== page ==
- Movement between work and home within the district, to and from other districts
and neighbouring municipalities
Figure 2. Number of people commuting to work every day outside the district of North Tallinn (lines indicate the number, whereas the size of the bubble outside the district denotes number of workplaces in the destination zone). The same can be represented in an origin-destination matrix format.The end result was a spatio-temporal picture of commuting and recreational trips.
Positium analysed millions of location data points in CDR and IPDR datasets from one mobile network operator to produce anchor points for people and analysed movements between those points. The observed data period ran from November, 2012 up to October, 2013.
The anchor point method by Positium enables to calculate home and work-time place, and distinguish movements between those places by temporal and spatial pattern of the anonymous user. The algorithms to detect home locations and usual environment have been developed through cooperation with University of Tartu in Estonia.
It was extremely important that we could determine the areas, measure distances, distinguish shorter and longer travels. We saw mobility between smaller units, and their focal points.
- Jaak Adam Looveer - Tallinn Urban Planning Department
Data accuracy is improved by observing extended time periods and using geographical probability distribution methods. Statistical methods are used to estimate one operator’s data to the general population.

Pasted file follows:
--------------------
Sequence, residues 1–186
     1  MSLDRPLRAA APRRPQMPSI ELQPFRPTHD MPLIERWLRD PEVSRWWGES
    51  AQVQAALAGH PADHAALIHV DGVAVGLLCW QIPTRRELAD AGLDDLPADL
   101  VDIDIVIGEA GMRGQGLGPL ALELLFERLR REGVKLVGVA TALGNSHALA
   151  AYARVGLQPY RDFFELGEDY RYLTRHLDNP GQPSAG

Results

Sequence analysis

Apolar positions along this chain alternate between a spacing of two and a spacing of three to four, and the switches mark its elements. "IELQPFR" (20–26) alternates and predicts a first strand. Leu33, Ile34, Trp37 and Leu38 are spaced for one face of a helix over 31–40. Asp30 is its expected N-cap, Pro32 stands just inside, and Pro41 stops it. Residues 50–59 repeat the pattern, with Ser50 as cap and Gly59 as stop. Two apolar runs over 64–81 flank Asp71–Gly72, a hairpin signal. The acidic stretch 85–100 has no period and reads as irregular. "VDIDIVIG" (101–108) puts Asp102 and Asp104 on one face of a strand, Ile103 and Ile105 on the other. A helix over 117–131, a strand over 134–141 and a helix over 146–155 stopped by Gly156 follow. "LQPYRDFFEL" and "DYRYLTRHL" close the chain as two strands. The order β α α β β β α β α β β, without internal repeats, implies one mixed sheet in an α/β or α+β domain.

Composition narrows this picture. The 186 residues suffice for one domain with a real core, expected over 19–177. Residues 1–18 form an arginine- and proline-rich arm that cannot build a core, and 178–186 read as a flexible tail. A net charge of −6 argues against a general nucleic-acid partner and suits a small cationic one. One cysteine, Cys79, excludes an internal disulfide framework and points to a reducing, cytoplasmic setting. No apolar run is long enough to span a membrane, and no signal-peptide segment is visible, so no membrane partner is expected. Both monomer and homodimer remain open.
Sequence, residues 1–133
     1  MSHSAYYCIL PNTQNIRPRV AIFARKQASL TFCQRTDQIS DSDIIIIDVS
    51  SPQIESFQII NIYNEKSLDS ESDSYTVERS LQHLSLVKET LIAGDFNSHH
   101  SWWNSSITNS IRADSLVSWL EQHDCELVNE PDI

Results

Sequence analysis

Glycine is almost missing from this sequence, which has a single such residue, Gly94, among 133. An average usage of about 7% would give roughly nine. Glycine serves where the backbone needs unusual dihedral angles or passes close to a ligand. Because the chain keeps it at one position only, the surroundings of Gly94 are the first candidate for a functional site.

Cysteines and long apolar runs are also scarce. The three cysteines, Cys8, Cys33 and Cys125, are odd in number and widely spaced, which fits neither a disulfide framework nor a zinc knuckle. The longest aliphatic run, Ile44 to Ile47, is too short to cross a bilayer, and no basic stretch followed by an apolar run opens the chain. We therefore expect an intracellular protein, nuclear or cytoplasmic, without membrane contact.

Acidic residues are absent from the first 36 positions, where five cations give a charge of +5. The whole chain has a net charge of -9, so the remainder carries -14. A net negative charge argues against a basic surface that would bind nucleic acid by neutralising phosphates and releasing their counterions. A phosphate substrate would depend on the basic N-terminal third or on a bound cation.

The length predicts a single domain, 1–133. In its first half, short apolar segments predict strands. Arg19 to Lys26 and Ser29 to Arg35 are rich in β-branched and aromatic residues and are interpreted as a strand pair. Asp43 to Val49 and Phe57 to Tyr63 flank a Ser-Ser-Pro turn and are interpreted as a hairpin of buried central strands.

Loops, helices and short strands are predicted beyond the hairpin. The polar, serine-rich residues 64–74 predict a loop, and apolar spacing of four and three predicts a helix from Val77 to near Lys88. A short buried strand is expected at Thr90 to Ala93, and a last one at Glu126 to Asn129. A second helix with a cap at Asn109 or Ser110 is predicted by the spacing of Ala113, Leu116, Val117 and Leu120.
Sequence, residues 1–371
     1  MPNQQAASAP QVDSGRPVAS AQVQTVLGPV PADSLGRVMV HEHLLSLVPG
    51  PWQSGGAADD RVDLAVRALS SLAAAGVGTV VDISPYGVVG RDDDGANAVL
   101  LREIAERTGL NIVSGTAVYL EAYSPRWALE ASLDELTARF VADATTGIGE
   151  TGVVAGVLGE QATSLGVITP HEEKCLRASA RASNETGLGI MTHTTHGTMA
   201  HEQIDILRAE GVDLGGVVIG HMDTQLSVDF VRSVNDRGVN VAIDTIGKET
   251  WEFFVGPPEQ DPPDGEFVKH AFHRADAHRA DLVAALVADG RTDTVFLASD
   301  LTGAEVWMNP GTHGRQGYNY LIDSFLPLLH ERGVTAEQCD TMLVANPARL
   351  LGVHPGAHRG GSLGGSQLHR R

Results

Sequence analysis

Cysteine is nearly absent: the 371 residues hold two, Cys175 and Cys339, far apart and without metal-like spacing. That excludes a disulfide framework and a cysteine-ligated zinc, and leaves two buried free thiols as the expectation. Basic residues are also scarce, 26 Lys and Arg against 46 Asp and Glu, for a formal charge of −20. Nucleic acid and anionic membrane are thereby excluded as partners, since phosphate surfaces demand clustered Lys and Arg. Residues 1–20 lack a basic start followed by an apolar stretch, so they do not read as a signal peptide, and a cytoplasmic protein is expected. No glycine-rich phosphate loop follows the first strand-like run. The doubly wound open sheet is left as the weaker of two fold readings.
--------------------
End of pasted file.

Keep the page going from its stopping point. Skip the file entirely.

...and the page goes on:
The Data More Than Fulfilled the Expectations
The time frame and geographical scope of the data exceeded what was previously thought was possible by Urban Planning Department. The data was successfully incorporated into a resulting mobility study and analysis that laid the foundation for new urban development planning.
The observable time scope allowed through mobile data (12 months) was much more
extensive than that of surveys (8 days) or traffic counters (7 days). In addition, it allowed
to distinguish weekend movements and seasonal differences, based on behavioural data, rather than
The sample for which mobile positioning data was available was roughly 35% of the district’s population, compared to 1% (35x difference) that was captured through surveys. At the same time, mobile data also captured workers from all over Tallinn and satellite districts, at least doubling the sample size.
To determine the actual destinations of people moving into and out of the district, surveys have to have very huge samples, whereas traffic counters cannot provide data on destinations. Mobile positioning data included the entire area of Tallinn and satellite areas into the geographical scope of study, giving unprecedented data with excellent quality.
Lastly, in terms of the cost of services, even though the resulting dataset provided more
than the client expected, it was cost effective compared to both an extensive traffic
counter study and surveys. The combination of mobile positioning data and a small survey
proved to save money for the Urban Planning Department compared to merely relying on